The U.S. Energy Information Administration estimates that utility-scale solar photovoltaic installations in America had an average capacity factor of 27% in 2016, with utility-scale wind farms at 35%, hydroelectric at 38%, coal plants at 55%, combined-cycle natural gas plants at 56% and nuclear plants at 92%. However, Germany has developed one clean coal plant at 91% efficiency. It can be technically done.

The capacity factor is where nuclear power excels. And it’s why seven of the top ten power plants in America are nuclear. Grand Coulee, the largest dam is in 5th place. The top natural gas plant is the West County Energy Center in Florida (ranked 7th) and the top coal plant is the Scherer Coal-fired Power Plant in Georgia (ranked 10th). It will be a long time, if ever, to see wind and solar in the top ten based on capacity factor.

Palo Verde nuclear power plant in Arizona is the largest energy source in the US and 9th overall in the world. In 2014, Palo Verde produced 60% more kWhs of electricity than Grand Coulee, and more than any other power plant in America, all because Palo Verde had a capacity factor of 98% reliable energy without interruptions that year. This one nuclear power plant with 3 reactors sells electricity throughout Southwest US and shares ownership with California (21.7%), Texas (15.8%), New Mexico (10.2%) and of course Arizona (46.6 %).

I have always been an advocate of nuclear power because of its efficiency and fuel density. Recently, I added climate change to my rational for nuclear power. If the world is serious about doing anything significant to effect climate change, nuclear power is a must have in the energy mix. Are we investing in the better energy resource?

To be continued…

Nuclear Fuel for the future:

Now that I have done my best to help the residents of Southeast New Mexico better understand the misconceptions of nuclear fear and how radiation is an intimate part of our existence in low-level doses for medical usage and high-level radiation being instrumental in generating electricity and heat for domestic and industrial energy usage, let’s continue.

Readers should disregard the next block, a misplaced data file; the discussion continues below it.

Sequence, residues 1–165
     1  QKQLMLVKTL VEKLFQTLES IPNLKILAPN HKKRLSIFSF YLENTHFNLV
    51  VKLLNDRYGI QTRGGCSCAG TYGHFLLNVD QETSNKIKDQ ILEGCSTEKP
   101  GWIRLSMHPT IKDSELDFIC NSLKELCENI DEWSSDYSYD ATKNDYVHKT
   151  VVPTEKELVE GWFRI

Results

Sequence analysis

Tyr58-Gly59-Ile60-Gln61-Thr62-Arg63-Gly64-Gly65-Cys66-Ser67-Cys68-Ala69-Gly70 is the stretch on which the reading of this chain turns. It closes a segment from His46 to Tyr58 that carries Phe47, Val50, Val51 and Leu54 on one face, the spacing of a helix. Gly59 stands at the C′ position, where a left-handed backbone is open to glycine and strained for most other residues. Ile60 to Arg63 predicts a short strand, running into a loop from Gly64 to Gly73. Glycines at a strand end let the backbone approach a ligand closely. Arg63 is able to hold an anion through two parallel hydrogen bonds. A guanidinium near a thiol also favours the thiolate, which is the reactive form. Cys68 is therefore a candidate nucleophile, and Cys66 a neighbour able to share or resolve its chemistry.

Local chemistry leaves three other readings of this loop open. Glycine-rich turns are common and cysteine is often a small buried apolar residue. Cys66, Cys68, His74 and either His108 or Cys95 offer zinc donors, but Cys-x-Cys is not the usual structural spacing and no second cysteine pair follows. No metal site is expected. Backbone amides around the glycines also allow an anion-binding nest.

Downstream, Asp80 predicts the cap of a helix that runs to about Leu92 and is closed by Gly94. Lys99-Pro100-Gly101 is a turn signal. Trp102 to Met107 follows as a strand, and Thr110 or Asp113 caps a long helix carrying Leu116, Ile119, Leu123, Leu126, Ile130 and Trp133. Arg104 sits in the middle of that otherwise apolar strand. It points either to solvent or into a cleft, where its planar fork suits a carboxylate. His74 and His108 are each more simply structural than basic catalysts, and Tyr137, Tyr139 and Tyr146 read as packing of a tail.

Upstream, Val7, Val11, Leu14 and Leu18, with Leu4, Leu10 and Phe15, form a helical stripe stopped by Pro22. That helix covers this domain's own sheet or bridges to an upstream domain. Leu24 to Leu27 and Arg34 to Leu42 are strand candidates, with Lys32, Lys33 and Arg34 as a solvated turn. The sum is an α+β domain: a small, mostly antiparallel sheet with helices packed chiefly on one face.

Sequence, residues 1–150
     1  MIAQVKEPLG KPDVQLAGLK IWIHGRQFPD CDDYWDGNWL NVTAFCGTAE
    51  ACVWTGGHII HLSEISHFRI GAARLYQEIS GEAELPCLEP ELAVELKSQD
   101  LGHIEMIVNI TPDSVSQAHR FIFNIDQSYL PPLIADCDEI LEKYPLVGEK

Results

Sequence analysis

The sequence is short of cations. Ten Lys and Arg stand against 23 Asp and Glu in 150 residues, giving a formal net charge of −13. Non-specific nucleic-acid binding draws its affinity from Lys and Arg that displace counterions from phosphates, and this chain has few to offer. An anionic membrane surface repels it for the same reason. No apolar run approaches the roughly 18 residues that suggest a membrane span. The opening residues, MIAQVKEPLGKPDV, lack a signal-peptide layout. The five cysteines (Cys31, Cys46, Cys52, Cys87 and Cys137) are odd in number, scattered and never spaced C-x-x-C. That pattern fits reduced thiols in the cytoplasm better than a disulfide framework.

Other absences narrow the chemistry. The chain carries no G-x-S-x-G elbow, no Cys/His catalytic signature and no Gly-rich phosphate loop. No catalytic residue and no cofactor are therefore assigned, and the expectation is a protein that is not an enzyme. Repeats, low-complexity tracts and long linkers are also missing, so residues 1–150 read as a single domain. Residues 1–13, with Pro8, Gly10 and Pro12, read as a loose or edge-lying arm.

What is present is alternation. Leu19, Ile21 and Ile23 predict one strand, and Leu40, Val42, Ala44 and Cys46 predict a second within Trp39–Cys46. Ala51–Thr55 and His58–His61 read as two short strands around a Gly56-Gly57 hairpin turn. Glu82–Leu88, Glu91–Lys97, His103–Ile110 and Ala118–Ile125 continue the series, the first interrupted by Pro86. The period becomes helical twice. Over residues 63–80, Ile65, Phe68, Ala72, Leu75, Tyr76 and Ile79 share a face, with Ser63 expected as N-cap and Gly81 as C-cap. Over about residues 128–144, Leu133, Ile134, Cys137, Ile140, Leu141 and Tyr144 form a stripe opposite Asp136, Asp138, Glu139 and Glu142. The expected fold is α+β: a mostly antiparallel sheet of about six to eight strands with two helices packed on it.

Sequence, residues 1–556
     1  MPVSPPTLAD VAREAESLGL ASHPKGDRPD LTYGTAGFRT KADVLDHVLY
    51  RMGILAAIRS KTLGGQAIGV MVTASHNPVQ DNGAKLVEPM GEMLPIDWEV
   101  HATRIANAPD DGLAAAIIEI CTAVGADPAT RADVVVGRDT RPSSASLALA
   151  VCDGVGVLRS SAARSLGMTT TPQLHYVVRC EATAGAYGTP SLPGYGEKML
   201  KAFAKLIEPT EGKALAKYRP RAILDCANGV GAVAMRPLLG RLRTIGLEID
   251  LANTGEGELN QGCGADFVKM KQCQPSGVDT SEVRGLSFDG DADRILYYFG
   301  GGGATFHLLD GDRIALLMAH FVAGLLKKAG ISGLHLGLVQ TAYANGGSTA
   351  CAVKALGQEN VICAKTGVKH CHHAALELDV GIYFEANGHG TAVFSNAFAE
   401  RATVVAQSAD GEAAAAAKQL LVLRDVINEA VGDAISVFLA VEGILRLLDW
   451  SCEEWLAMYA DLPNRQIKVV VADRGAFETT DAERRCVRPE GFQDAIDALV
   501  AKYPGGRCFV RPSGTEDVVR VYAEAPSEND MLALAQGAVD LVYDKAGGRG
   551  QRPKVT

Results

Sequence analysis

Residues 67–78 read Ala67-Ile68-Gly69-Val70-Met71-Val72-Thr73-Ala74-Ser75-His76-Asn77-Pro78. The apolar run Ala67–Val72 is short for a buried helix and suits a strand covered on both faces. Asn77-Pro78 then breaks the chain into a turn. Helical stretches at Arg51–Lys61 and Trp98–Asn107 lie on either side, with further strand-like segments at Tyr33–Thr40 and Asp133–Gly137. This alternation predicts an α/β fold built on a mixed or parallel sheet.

It is so unfortunate how this fear of all things nuclear has stagnated an entire industry in the United States for 30 years to the point that it will be extremely difficult to continue the existing technology with a sufficient supply chain of parts and fuel, and the trained personnel to operate and maintain the nuclear power plants. In the last two years, five (5) nuclear reactors have been shuttered for financial reasons (low NG pricing) with 40 to 60 years of usage left in them. More shutters and decommissions are planned over the next 10 years.

The proposed Eddy-Lea Energy Alliance (ELEA) and the existing Waste Control Specialist (WCS) will play an important role in the storage, of all the low-level and high-level radioactive material, that will be needed when these nuclear power plants are decommissioned. Most of the material will actually be unused uranium fuel referred to as spent nuclear fuel (SNF). This fuel needs to be saved and stored until the commercialization of next generation of small modular reactors, built in factories the way Henry Ford would be proud of – cost efficiency with standardization.     

The existing third generation of mega-nuclear plants have served us well and will continue to do so for another 60 years, but competition from cheaper energy sources like current NG pricing won’t allow them to continue generating electricity with a profit or even a break-even point. Nuclear reactor technology must adapt or become extinct.

Nuclear fuel (uranium or thorium) has an extremely high energy density, millions of times more than any other energy source and it is always on. That is what makes storage of the SNF so important and ELEA or WCS will safely store that fuel in Holtec canisters as an Interim Consolidated Storage Facilities. Eventually, providing that fuel for the next generation of safe efficient small modular molten salt (liquid) nuclear reactors. Every town or island could have these local power sources without dependency on a national grid.

To be continued…